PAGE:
“Americans are too rich to be broke.”
— Dave Ramsey
We’re also too well off to not give.
Roughly 50% of the world’s population lives on less than $2.50 a day. That’s $75 per month or $900 per year. Contrast that with $44,600 for the average American.
In the flurry of day-to-day living, it's easy to lose sight of how well off we are. But when we look at the data, it's clear—we have so much to give.
Perhaps our spending habits need to change to make room for charity. Nevertheless, we should always reserve a line item in our budget for giving. It's the best kind of insurance from the grip of greed.
“Don’t judge each day by the harvest you reap but by the seeds that you plant.”
— Robert Louis Stevenson
In harvest time the rewards are external. At last, the crop is fully grown. Matured, you can pick it, eat your fill, and be satisfied. During planting season, however, the rewards are internal. The seed, inconsequential in size, is sown, covered up, and remains hidden for months. Although you can't see it, growth is happening beneath the soil.
Planting seeds, although a small act, is always how something big must begin. While at the start, you don’t have much to show, trust that the labor you’re putting in will matter and mean something in the end.
Don’t shun the small things. Plant your seeds. Do that and you’ll reap your harvest.
Growing isn’t just about reading a book, taking a class, learning a new skill or practicing a new discipline. It’s also about investing in the life of another.
“But won’t I waste precious time if I stop and invest in others?” Not at all.
In fact, my experience has shown that investing my time in others is one of the best ways to invest in myself.
It’s important for us to travel with someone on our journey of growth. Could it be your wife, best friend or sibling? You obviously can’t take someone who doesn’t want to go, but most people want to grow. Discern the right traveling companion and get started.
One way to secure a companion is to discover her goals and get involved in her success. When you exert energy on her behalf, don’t be surprised to see her reciprocating concerning yours.
“No discipline seems pleasant at the time, but painful. Later on, however, it produces a harvest… for those who have been trained by it.”
– Hebrews 12:11
It’s easy to dwell on the downside of discipline. In the moment, discipline is dreadful. It hurts. It strains. It taxes us in mind and body and isn't fun. That is why, I believe, so many people steer clear of it.
While discipline repels at first brush, it rewards the one who sticks with it. Here are a handful of rewards I've received whenever I have managed to stick with a discipline.
The next time you find yourself in the valley of decision regarding whether to follow through on a discipline or not, don’t forget to think about the upside.
Yep, it’s going to be hard. And you’re right, it’s going to be drudgery at times. But, upon completion, you will surely reap a satisfying harvest.
If you’re like me, it’s easy to look at where you are in life and wonder how you’ll ever get to where you want to be.
The distance can be so vast that it paralyzes us. I call this the gap trap.
The gap trap says people give up when they fixate on how far they have to go. Instead of focusing on what they can do today to get themselves one step closer to their goal, they let the distance overwhelm them.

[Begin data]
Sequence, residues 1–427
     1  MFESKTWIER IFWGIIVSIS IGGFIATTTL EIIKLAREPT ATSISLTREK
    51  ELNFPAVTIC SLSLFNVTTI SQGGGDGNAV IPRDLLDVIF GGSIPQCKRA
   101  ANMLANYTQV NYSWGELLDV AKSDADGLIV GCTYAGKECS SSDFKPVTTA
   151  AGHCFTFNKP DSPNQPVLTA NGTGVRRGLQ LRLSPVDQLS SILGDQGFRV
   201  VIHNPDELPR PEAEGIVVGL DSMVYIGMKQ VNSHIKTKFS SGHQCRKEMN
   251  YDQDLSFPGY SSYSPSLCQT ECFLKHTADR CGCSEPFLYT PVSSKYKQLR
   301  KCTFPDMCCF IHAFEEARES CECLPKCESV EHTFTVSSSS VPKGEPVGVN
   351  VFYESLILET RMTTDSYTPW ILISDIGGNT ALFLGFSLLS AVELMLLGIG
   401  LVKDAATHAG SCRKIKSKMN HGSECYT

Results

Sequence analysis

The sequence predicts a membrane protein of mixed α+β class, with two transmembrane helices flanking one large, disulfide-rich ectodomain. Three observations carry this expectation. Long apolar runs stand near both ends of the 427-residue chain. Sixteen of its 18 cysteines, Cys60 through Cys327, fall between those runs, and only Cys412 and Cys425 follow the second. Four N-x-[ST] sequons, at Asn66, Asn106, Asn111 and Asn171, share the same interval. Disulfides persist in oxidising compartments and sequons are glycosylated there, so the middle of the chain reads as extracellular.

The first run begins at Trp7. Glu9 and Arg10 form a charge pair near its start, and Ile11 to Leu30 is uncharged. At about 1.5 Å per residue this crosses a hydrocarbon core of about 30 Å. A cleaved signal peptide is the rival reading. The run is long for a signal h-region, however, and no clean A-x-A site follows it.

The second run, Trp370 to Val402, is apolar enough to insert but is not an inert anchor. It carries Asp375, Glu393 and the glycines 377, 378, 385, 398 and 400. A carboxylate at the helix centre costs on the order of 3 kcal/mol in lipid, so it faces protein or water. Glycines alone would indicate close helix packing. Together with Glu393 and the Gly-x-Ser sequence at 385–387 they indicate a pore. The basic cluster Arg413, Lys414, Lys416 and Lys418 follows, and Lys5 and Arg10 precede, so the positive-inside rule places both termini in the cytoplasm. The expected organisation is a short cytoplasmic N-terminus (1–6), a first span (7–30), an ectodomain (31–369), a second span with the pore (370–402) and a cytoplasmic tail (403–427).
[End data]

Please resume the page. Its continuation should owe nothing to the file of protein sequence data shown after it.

My advice to any person who wants to accomplish something big is this: win small every day. Winning small isn't that hard. It's just you taking one step in the right direction. Anyone can do that. The challenge, of course, is every day.
Your body will only last about a week without food & water. After 7 days (give or take) you die. How about your soul? How long can it last before it dies?
I believe a soul never dies. The soul continues on long after the body gives out because the soul is that eternal part of who we are. But just because the soul cannot die, doesn’t mean it cannot be starved.
Just as you need three square meals a day, so also you need to cultivate soul-nourishing moments daily. You feed your soul when you:
- Love another & allow yourself to be loved
- Sacrifice for someone else
- Read books that expand your mind
- Reflect on your thoughts, words, and deeds
- Stretch yourself in ways that make you uncomfortable
- Lead a disciplined life
- Open yourself up to a Higher Power
This kind of nourishment doesn't just keep you alive, it's what causes you to thrive. If you have a choice between skipping a meal or a moment to nourish your soul, do your eternal self a favor, skip the former.
Growth comes with both sweet and bitter moments. No true growth experience ever was achieved without episodes of bitter sowing. The laws of nature and common sense dictate: you can’t have one without the other.
If growth were all sweet all the time, everyone would be on board. If it were all bitter, there would be few takers, if any.
You can’t avoid the bitter parts; you can only choose when you want to experience them.
Wisdom says bitter moments are best experienced at the outset (Think sowing), whereas the sweet rewards are best reserved for the end (Think harvest).
I’ve chosen sweet first and bitter last more times than I’d like to admit. Remember; you can’t avoid the bitter in life. Everyone has to go through it. The only decision you get to make is when. First or last? Beginning or end? The choice is yours.